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his old camp on the Tifata over Capua. Then leaving the Numidians and Spaniards for the defence both of the camp and the city, he marched away with the rest of his forces to the lake of Avernus, under the pretence of performing sacrifice, but in reality with a design to make an attempt on Puteoli and the garrison there. As soon as Maximus received intelligence that Hannibal had departed from Arpi and was returning into Campania, he hastened back to his army, without halting either night or day, sending orders to Tiberius Gracchus, to bring forward his forces from Luceria to Beneventum, and to the prætor Quintus Fabius, son to the consul, to hasten to Luceria, in the place of Gracchus. At the same time, the two prætors set out for Sicily, Publius Cornelius to command the army, Otacilius the feet on the sea-coast. The rest also departed to their respective provinces, and those who were continued in command remained in the same disa tricts where they had been in the former year.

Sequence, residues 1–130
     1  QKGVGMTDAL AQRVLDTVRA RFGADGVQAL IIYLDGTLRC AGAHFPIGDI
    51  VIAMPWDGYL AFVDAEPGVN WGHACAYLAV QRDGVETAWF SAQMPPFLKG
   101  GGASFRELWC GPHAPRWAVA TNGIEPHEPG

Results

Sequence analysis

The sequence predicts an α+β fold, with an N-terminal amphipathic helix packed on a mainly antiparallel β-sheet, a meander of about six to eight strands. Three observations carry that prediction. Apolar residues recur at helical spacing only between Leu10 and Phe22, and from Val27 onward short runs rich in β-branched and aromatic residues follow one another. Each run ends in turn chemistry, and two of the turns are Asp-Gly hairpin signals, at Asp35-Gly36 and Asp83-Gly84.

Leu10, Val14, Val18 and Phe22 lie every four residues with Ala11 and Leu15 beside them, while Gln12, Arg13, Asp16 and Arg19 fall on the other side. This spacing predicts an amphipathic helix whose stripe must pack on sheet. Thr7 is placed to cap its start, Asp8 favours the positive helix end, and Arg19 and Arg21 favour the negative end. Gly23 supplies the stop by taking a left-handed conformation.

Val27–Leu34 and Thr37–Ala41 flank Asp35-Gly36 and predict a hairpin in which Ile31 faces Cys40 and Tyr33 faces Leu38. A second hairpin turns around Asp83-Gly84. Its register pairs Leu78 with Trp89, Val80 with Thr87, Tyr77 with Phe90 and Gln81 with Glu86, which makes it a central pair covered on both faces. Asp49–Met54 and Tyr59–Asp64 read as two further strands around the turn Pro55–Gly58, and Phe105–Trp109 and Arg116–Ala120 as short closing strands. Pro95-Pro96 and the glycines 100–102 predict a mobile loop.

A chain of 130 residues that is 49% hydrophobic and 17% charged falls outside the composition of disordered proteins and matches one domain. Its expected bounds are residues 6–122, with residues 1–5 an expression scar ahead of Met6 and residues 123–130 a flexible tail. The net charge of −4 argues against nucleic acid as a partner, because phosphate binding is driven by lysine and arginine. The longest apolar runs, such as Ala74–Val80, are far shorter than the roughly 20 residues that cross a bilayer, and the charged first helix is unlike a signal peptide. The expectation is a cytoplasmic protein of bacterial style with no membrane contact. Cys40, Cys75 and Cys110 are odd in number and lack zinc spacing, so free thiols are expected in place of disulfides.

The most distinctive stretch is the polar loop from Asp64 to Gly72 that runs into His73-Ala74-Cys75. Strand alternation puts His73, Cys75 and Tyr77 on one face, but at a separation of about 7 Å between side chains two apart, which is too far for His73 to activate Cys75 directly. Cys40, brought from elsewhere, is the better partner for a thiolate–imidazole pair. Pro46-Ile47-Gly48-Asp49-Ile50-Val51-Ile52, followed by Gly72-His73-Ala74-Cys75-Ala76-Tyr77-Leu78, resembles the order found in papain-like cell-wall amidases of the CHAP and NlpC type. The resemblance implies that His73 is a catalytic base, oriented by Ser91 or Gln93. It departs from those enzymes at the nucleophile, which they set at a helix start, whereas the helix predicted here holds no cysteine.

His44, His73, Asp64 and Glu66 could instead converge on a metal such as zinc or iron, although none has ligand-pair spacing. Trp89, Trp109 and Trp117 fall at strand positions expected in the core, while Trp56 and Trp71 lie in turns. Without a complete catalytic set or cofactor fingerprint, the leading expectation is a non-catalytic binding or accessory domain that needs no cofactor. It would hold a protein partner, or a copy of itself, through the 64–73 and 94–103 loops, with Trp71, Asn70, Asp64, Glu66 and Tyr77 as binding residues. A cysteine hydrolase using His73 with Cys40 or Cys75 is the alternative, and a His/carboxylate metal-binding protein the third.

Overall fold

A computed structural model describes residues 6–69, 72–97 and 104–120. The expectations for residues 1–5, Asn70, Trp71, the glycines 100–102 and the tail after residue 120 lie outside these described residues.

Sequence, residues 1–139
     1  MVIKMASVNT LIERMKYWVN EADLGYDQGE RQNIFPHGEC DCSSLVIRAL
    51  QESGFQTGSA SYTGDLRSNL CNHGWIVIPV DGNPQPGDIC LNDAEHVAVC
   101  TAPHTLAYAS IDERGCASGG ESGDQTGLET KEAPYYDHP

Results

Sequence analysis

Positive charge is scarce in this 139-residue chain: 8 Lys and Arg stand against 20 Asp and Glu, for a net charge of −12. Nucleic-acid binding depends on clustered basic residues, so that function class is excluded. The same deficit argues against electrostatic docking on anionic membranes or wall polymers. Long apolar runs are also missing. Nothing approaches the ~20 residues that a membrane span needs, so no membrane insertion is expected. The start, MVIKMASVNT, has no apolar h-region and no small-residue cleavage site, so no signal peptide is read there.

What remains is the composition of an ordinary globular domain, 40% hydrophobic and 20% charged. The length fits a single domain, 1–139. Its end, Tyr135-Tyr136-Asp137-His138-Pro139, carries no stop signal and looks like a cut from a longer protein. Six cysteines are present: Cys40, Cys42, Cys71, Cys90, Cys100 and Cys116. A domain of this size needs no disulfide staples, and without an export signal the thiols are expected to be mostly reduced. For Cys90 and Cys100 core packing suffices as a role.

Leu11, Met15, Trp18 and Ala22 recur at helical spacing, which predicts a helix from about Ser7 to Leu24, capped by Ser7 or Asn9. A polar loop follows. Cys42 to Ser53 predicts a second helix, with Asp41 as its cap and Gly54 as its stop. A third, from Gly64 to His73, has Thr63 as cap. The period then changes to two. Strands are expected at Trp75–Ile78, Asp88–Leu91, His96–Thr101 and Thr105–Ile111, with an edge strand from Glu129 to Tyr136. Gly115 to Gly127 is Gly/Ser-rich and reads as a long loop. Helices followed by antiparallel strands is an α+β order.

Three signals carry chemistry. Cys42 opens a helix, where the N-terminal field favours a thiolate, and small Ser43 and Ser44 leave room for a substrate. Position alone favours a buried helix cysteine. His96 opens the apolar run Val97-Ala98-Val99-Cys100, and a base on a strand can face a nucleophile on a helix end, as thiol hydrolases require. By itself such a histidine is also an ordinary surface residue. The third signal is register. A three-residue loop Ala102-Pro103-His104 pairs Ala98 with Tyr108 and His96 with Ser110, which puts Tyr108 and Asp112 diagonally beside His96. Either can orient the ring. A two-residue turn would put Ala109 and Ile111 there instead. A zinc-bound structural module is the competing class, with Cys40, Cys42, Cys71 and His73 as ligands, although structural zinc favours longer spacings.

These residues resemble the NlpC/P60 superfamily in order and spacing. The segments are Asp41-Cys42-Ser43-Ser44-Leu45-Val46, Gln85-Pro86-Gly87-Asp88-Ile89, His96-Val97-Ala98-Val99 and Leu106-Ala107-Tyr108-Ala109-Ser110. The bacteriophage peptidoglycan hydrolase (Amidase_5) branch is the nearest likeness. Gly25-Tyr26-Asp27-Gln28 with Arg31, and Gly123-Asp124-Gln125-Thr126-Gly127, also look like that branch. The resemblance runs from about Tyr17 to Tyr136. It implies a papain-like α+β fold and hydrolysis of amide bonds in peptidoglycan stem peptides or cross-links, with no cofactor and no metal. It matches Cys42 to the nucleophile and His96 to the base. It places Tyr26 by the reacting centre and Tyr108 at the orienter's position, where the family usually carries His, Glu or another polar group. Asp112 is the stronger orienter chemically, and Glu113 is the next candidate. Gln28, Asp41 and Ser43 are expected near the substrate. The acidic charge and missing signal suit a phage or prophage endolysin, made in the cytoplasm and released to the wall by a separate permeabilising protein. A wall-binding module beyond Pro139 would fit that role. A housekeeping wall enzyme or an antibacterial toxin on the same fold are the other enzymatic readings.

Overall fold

XIII. While Hannibal was at the lake Avernus, there came to him, from Tarentum, five young men of quality, who had been made prisoners, some at the lake Trasimenus, some at Cannæ, and who had been sent home with that generosity which the Carthaginian showed towards all the allies of the Romans: these told him, that “out of gratitude for his kind treatment, they had persuaded a great number of the Tarentine youth to prefer his alliance and friendship to that of the Romans; and that they had been sent as deputies by their countrymen, to request that Hannibal would draw his army nearer to Tarentum; that if his standards and his camp were once seen from that place, the city would, without any delay, be delivered into his hands; for the commons were under the influence of the younger men, and the management of public affairs was with the commons.” Hannibal, after highly commending and loading them with a profusion of promises, desired them to return home in order to bring the scheme to maturity, saying, that he would be there in due time. With these hopes the Tarentines were dismissed. Hannibal had, before their application, conceived an ardent wish to gain possession of Tarentum; he saw that it was a city not only opulent and of great note, but likewise a seaport, commodiously situated, opposite Macedonia; and that King Philip, should he pass over into Italy, would steer his course to that harbour, because the Romans were in possession of Brundusium. Having performed the sacrifice which he had proposed at his coming, and having, during his stay, utterly laid waste the lands of Cumæ, as far as to the promontory of Misenum, he changed his route suddenly to Puteoli, with design to surprise the Roman garrison. This consisted of six thousand men, and the place was secured, not only by the nature of its situation, but by strong works. Here Hannibal delayed three days, and attempted the garrison on every quarter; but, finding no prospect of success, he marched forward to ravage the territory of Neapolis, rather for the sake of gratifying his resentment, than with any hope of becoming master of the town. By his arrival in the neighbourhood, the commons of Nola were encouraged to stir, having for a long time been disaffected to the cause of the Romans, and harbouring, at the same time, resentment against their own senate. Deputies, therefore, came to invite Hannibal, with a positive promise to deliver the city into his hands: but the consul Marcellus, whom the nobles solicited, by his expeditious measures prevented the design from taking place. In one day he made a march from Cales to Suessula, though he met with some delay in passing the river Vulturnus; and from thence, on the ensuing night, introduced into Nola six thousand foot and three hundred horse, to support the senate. While every precaution requisite for securing the possession of Nola was thus used by the consul with vigorous despatch, Hannibal, on the other side, was dilatory in his proceedings; for, after having twice before been baffled in a project of the